Naval station Norfolk is the headquarters of the U.S. Navy’s Atlantic fleet, an awesome collection of military power that is in a terrible way the crowning glory of American civilization. Seventy-five thousand sailors and civilians work here, their job the daily business of keeping an armada spit-shined and ready for deployment at any moment. When I visited in December, the aircraft carrier USS Theodore Roosevelt was in port, a 1,000-foot-long floating war machine that was central to U.S. military operations in Iraq and Afghanistan. Cranes loaded equipment onto the deck; sailors rushed up and down the gangplanks. Navy helicopters hovered overhead. Security was tight everywhere. While I was checking out one of the base’s massive new double-decker concrete piers that’s nearly as big as a shopping-mall parking lot, I wandered over to have a closer look at the USS Gravely, a guided-missile destroyer that has spent a lot of hours on watch in the Mediterranean. Armed men on the deck watched me warily — even my official escort seemed jittery (“I think we should step back a bit,” he said, grabbing my arm).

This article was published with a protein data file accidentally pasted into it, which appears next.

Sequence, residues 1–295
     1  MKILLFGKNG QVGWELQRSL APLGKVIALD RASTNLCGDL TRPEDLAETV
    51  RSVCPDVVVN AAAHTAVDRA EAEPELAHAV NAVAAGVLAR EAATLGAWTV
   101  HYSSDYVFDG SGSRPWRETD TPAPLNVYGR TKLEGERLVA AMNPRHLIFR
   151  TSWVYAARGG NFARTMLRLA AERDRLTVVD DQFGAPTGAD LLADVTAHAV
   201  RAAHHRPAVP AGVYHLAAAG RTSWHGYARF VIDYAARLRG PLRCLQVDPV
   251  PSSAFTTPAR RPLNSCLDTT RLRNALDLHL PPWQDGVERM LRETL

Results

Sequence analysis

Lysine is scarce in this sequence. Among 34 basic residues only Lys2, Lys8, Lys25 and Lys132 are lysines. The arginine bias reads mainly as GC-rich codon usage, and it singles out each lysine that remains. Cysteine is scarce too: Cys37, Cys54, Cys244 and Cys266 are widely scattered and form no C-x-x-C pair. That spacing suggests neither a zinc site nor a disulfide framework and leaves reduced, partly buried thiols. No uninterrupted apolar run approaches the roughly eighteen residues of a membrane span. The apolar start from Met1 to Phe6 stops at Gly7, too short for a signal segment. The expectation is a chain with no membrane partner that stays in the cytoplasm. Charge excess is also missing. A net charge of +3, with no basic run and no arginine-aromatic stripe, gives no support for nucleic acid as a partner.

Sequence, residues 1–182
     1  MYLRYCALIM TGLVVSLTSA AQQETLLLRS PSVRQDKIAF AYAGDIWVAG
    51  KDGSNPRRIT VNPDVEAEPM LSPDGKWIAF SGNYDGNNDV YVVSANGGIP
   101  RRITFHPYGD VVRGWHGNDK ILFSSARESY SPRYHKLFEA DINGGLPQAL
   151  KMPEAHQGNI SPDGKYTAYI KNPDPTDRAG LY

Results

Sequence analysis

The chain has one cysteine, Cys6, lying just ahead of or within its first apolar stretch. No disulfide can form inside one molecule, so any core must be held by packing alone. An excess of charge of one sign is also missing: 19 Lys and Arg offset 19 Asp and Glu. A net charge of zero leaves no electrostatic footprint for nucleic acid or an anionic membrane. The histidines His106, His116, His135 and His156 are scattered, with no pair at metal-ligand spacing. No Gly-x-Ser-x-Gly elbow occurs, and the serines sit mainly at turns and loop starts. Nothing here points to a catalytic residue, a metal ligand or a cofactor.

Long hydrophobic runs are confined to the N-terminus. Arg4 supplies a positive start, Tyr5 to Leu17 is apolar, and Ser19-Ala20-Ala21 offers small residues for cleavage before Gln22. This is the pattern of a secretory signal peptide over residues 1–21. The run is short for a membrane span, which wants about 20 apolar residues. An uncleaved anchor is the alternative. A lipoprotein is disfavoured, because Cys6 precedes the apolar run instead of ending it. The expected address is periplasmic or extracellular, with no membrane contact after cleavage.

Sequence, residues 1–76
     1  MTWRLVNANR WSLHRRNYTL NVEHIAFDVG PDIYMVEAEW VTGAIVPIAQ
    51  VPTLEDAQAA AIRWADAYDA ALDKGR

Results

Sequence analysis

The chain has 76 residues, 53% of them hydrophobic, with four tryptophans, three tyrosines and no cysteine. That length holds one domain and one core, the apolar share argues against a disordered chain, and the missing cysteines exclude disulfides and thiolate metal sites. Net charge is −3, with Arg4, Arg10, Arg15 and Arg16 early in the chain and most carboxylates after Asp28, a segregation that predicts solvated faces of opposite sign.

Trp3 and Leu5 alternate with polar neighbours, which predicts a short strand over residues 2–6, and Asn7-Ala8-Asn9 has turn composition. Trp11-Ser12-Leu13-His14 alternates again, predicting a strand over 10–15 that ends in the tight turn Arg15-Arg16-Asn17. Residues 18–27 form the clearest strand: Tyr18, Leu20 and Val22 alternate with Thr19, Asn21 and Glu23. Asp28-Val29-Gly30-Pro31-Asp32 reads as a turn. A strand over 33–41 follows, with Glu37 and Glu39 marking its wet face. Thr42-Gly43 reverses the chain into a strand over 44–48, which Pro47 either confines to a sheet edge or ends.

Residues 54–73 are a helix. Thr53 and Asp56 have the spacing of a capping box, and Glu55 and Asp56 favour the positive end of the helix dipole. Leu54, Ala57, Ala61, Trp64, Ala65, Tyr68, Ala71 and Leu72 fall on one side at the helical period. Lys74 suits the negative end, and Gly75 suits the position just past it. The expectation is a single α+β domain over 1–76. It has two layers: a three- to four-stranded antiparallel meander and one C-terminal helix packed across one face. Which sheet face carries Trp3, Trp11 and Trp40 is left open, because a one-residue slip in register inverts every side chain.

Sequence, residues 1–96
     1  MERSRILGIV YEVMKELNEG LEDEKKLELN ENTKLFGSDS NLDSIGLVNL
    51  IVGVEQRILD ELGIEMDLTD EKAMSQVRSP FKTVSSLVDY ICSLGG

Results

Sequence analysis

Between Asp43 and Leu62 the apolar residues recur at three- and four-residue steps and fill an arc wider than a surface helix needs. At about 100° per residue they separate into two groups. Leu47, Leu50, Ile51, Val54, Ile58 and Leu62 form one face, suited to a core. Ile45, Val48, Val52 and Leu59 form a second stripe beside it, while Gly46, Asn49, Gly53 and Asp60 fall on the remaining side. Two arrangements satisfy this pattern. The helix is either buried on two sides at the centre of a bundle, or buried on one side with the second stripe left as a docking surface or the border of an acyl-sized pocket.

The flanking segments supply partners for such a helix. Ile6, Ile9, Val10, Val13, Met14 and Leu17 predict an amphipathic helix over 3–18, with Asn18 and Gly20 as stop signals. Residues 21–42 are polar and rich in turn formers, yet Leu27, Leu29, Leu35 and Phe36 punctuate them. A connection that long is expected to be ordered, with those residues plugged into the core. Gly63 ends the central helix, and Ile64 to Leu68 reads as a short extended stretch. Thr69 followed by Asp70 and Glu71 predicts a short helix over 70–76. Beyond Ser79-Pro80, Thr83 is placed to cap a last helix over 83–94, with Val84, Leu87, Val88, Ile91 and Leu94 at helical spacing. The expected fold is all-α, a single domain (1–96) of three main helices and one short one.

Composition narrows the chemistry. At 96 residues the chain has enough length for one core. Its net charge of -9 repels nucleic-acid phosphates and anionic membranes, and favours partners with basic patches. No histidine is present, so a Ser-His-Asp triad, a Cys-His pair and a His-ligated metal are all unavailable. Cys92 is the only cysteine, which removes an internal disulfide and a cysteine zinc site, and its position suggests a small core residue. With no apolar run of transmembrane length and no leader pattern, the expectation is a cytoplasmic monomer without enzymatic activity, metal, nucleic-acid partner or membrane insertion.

You can’t spend 10 minutes in this part of Virginia without feeling the deep sense of history. The Battle of Hampton Roads, a famous naval showdown between two Civil War ironclads, occurred just offshore. The base was a key departure point for thousands of sailors during World War II, many of whom never returned. Their ghosts still haunt the place. Everyone’s aunt or uncle has a story to tell about a night in a port in Brisbane or Barcelona or about the way their ears rang the first time they heard a cannon firing from the deck of a ship.